The Olympic Games 2016 which take place in Rio de Janeiro, Brazil, from 5 to 21 August are supported by a huge volume of marketing and advertising campaigns. As many countries have done before, Brazil enacted special legislation to protect the Olympic symbols and expressions specific to the games hosted in Rio. The protection offered in these Olympic-special legislations often can go beyond what would normally be available under trademark or copyright protection laws. For example, the London Olympic Games and Paralympic Games Act 2006 created a sui generis right of association to prevent the use of any representation that is likely to suggest an association between the London Olympics and goods or services.
Germany, as another example, also put some special legislation into place. However, a company that had offered “Olympic discounts” in its advertisements during the 2008 games was found not to infringe the German Olympic Protection Act. The German Federal Supreme Court ruled that, unlike trademark protection, the Olympic Protection Act did not grant legal protection to the advertising function of the Olympic symbols. Therefore, a mere time-related reference like “Olympic discounts” did not lead to infringement.
The Brazilian Olympic Act
Under the Brazilian Olympic Act (Federal Law No 12,035/2009), as amended by the Brazilian Federal Law No 13,284/2016, the Olympic symbols are granted special temporary protection. These include emblems, flags, anthems, mottos, mascots and torches used by the International Olympic Committee, the International Paralympics Committee and the Association Rio 2016, charged with the organization of the Games. The protected symbols also include various expressions such as Olympic Games, Paralympic Games and Rio 2016 – in any language. However, unlike the London Olympic Act, for example, the Olympic symbols are all subject to protection under trademark law. The protection period shall begin with registration of the symbols with the Brazilian National Institute of Industrial Property (INPI) and extend until 31 December 2016.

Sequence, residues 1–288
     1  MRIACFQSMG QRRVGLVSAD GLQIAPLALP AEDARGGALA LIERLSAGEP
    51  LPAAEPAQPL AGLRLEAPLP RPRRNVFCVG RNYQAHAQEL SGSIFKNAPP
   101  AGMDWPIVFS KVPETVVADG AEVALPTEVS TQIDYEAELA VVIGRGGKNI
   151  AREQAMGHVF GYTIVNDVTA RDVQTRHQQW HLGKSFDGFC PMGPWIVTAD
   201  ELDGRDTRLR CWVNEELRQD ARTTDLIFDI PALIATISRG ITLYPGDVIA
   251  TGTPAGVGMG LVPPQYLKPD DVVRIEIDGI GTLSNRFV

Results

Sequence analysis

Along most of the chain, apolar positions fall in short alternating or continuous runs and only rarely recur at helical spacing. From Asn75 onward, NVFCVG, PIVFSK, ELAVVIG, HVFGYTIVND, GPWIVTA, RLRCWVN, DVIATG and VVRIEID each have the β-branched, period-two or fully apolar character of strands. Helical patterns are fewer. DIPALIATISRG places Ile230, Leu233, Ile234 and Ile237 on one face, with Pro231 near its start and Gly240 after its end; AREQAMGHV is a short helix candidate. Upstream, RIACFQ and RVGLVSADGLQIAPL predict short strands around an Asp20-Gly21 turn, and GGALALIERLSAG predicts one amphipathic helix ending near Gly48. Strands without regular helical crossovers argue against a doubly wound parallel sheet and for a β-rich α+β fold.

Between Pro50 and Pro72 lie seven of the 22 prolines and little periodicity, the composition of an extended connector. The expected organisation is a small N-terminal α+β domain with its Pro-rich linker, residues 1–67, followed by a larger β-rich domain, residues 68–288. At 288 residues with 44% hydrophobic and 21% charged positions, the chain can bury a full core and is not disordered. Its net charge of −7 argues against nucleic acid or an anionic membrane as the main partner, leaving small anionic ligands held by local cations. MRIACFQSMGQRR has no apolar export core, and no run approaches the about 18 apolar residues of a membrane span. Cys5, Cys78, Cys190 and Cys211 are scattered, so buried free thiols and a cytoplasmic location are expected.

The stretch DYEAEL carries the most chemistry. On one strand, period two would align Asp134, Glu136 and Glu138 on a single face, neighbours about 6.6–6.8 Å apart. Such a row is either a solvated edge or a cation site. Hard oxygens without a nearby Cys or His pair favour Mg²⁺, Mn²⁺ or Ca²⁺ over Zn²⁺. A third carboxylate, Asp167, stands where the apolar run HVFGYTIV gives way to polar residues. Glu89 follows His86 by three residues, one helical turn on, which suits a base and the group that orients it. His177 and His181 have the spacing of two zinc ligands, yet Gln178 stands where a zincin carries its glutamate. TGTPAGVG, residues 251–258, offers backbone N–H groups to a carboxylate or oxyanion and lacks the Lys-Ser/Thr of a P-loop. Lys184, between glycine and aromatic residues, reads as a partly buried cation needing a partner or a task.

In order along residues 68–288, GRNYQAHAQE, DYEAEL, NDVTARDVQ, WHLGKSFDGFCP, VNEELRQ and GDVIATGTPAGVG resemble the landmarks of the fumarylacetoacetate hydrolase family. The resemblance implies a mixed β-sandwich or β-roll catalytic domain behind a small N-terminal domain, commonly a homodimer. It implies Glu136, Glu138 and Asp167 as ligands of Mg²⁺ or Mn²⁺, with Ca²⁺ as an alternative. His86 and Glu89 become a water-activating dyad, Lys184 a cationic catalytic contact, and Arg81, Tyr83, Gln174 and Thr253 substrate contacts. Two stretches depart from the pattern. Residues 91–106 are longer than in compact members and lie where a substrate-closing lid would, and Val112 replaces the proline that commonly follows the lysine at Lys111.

The use of such symbols is prohibited, even for non-commercial purposes, except if authorized by the International Olympic Committee or the Association Rio 2016. Furthermore, the act prohibits the use of terms and expressions that, albeit outside the list of protected symbols, are sufficiently similar to them to the extent that they are able to invoke an undue association of any products and services whatsoever, or even any event or company, with the Rio 2016 Games or the Olympic Movement.
During the time of protection, requests for registration of trademarks that constitute a reproduction or an imitation of the official symbols or are likely to cause any confusion or association with the organizing entities or the official symbols, shall be rejected. In addition, the INPI shall inform the responsible entity for the registration of domain names in Brazil, NIC.br, of all registered trademarks, so that any requests for registration of domain names containing terms or expressions identical or similar to the trademarks be refused ex officio.
Enjoy the Games!
Even though the legislation may have arrived a bit late (Federal Law No 13,284/2016 was published on 10 May 2016), the Olympic Act provides a solid framework for the protection and enforcement of intellectual property rights related to the Olympic games. So, all that is left for corporate sponsors or fans of the Olympics is to enjoy the Games!
This article was originally published on AllAboutIP – Mayer Brown’s blog on relevant developments in the fields of intellectual property and unfair competition law. For intellectual property-themed videos, Mayer Brown has launched a dedicated channel available here.